March 3, 2021

"Hunters in Wisconsin killed more than 200 wolves last week, far exceeding the state’s limit as they scrambled to take advantage of Trump-era wildlife rules..."

"... that they worry may be tightened by the Biden administration. At least 216 wolves were killed in less than 60 hours, exceeding the state quota of 119 and prompting Wisconsin to end what was meant to be a one-week hunt four days early.... Environmentalists... said the large number of wolves killed in such a short time underscored the need for President Biden to put the gray wolf back on the list of animals protected under the Endangered Species Act. 'These animals were killed using packs of dogs, snares and leg-hold traps,' Kitty Block, chief executive of the Humane Society of the United States, said on Tuesday. 'It was a race to kill these animals in the most cruel ways.'... The resurgence of wolves in certain parts of the country has been called a success story for conservationists. But as their numbers grew, ranchers have had to contend with wolves’ appetite for cattle and sheep. Conservationists counter that wolves keep deer, elk and other species in check and therefore help prevent more vegetation loss.... Hunter Nation said the large number of wolves hunted in such a short period of time showed that the population had 'significantly increased.' The group said that in 2014, it took two months for hunters to kill about 100 wolves. 'This season it took just three days!'... Richard M. Esenberg, a lawyer for Hunter Nation, said it was misleading for animal rights activists to claim that hunters had killed double the number of wolves allowed by the state. The state had set a quota of 200 wolves, with 119 for hunters who applied for permits with the department and 81 set aside to the Ojibwe Tribes under their treaty rights.... But the tribes consider wolves to be sacred and made a deliberate decision not to hunt them, said Dylan Jennings, a spokesman for the Great Lakes Indian Fish and Wildlife Commission, which represents the tribes. The tribes saw their allocation as a way to conserve a large number of the wolves — not to give hunters more animals to kill, he said."

From "Wisconsin Hunters Kill Over 200 Wolves in Less Than 3 Days/The gray wolf lost Endangered Species Act protections last year, prompting a recent hunt that killed at least 216 wolves — far exceeding a quota set by state wildlife officials" (NYT).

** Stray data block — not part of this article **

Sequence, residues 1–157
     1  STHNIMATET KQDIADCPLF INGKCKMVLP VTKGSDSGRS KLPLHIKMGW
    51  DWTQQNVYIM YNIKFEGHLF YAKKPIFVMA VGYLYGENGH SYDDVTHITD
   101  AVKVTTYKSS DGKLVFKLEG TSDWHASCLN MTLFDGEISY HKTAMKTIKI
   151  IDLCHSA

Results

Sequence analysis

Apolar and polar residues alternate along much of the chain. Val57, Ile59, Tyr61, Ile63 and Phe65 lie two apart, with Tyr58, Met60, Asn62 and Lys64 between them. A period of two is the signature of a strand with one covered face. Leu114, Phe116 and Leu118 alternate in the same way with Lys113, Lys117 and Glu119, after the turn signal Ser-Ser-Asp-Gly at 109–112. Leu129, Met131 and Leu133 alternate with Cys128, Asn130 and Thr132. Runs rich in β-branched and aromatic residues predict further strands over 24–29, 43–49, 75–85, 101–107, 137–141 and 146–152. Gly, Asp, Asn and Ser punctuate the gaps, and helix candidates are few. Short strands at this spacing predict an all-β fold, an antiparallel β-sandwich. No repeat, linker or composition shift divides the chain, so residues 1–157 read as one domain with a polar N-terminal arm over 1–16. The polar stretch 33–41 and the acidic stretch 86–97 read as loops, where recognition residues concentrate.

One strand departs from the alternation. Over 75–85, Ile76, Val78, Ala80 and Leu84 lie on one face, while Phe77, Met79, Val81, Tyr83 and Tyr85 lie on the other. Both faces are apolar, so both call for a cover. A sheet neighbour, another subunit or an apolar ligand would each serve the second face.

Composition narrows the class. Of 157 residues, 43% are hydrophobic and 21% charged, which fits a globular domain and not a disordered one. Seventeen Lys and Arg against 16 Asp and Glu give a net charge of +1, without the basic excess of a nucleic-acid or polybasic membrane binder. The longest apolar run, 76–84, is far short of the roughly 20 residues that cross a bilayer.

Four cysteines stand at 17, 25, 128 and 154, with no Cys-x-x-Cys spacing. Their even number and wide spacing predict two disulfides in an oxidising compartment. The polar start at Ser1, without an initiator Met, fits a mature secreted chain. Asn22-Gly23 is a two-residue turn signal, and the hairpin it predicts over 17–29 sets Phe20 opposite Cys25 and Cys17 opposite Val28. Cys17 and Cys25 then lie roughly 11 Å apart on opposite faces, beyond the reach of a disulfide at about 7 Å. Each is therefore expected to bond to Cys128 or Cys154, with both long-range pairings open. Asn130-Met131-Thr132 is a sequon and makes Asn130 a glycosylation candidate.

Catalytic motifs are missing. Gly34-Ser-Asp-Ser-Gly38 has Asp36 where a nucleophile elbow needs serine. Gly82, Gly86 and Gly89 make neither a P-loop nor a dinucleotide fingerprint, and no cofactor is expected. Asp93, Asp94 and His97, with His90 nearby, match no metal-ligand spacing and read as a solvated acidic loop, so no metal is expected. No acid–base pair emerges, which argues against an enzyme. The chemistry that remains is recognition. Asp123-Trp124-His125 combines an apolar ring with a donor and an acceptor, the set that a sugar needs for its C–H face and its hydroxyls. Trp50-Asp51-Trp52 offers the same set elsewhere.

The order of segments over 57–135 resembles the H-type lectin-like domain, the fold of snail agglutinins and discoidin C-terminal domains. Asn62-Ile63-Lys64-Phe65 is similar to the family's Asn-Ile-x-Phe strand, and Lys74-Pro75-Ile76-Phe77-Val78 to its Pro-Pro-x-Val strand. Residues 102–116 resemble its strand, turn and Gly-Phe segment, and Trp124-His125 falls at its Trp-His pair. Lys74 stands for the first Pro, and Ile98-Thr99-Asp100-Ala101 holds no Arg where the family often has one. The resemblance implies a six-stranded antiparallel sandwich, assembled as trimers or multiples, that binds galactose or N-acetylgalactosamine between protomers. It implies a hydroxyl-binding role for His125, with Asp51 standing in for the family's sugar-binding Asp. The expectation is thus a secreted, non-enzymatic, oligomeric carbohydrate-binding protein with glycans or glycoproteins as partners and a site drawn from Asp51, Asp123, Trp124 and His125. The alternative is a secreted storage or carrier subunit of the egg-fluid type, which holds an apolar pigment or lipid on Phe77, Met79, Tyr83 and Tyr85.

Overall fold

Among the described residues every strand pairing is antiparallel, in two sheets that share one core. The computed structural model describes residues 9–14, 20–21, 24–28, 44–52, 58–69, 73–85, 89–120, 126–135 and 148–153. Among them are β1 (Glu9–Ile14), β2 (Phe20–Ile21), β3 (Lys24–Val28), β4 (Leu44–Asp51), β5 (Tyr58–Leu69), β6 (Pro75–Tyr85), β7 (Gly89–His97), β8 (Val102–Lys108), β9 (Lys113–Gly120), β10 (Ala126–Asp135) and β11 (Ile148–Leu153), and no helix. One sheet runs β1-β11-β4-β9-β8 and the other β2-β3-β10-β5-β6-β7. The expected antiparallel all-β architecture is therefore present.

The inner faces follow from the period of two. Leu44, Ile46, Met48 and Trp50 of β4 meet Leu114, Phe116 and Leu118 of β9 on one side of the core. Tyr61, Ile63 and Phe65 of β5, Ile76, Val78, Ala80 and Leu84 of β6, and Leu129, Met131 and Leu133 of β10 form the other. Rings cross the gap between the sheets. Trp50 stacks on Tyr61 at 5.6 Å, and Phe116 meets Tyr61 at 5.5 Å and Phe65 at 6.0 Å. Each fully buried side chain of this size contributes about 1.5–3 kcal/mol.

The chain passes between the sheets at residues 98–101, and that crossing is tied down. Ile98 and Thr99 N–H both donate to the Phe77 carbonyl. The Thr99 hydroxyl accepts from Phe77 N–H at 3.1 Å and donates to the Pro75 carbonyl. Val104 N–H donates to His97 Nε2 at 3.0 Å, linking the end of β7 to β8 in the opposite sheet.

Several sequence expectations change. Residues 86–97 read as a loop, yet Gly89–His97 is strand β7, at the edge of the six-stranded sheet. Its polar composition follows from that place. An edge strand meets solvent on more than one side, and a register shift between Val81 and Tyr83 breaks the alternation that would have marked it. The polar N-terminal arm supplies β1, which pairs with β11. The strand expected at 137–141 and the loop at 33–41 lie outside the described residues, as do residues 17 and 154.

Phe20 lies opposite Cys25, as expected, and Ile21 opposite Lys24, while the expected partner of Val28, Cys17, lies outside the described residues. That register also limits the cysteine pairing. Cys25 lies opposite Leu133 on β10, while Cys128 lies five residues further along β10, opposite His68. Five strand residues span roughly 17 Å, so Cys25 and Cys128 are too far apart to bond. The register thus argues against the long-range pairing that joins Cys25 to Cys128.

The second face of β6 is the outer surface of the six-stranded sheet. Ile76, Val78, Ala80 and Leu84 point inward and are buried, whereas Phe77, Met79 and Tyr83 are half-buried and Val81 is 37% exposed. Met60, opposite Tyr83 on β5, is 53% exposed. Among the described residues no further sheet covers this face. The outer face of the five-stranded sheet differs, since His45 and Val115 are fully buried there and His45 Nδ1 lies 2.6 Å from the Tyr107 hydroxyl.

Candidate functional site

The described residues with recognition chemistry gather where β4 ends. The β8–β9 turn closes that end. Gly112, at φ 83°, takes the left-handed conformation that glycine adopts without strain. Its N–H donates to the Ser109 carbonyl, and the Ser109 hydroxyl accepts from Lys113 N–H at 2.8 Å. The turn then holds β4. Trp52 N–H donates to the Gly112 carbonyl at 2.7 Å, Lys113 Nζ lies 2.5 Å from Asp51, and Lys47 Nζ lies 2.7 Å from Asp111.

So many conflicting interests there. But obviously there are a lot of wolves, and presumably the endangered species category needs to be restricted to animals that are quite scarce, not animals that we love. Here you have an animal that is loved — even regarded as sacred. The hunters probably love the animal in a hunterly way. Some people hate or fear wolves, and some farmers and ranchers have anti-wolf economic interests. I have no idea what the solution is, but I think I'd recommend rationality over sentimentality. It may be rational to defer — to some extent — to the tribes' belief in the sacredness of the wolves and that corresponding reverence for wolves that lives in the hearts of some of the people.

149 comments:

Amadeus 48 said...

There would be plenty of room for Dr. Suess to maneuver here, if he were still with us. Wolves are people, too, eh?

Todd said...

Thanks to conservation efforts along with the continued spread of "urban" live, wild predators are more and more likely to encounter humans. Animal rights activists and "nature first" groups see the earth as a "frozen in time" snap-shot of the perfect nature and this perfect nature is always at a time from the past. Similar to how the climate change folks want to freeze the earth's climate to a point THEY consider the ideal.

It all is constantly changing and adapting to that change. Reintroducing and growing the wolf population will have an effect on an ecosystem that adjusted to account for fewer. These re-surging wolves don't know what is or is not allowed on their menu and will follow their instincts to hunt for food. More and more that food will be humans as we share space with these re-introduced wolfs (and cougars, mountain lions, etc.). Hunting is one way to maintain that balance and it has a place. The animal rights activists are anti-hunting and would rather let the wolves over breed their new environment eventually crippling the deer population and pushing themselves to starvation, as a new balance is reached. The animal rights activists will then want to do something about the starving wolves.

Controlled hunting (via limits) with population monitoring is the current best way to keep these types of animal populations managed. They don't want to see that because "four legs good, two legs bad".

joshbraid said...

My image of wolves is from reading Little House on the Prairie books to my kids. They lived in the reality of survival and wolves were respected and feared. The acceptance of sentimentality as a base for action regarding any ecosystem is a recipe for disaster for all creatures, man included.

Mr. Forward said...
This comment has been removed by the author.
Jamie said...

As Oregonians saw with the spotted owl, sometimes an "endangered species" is a proxy for a whole suite of environmental - or environmentalist - interests; the species itself might or might not be important in itself.

I'm not commenting on whether either the spotted owl or the gray wolf is actually endangered by the numbers, or important enough to be protected by the Endangered Species Act by its effects on its environment. I don't know the answers to those questions. I just remember how long it would take (and often how impossible it proved to be) to get a federal permit for various kinds of land use if an official endangered species resided in an area, regardless of the actual impact of the land use.

Fernandinande said...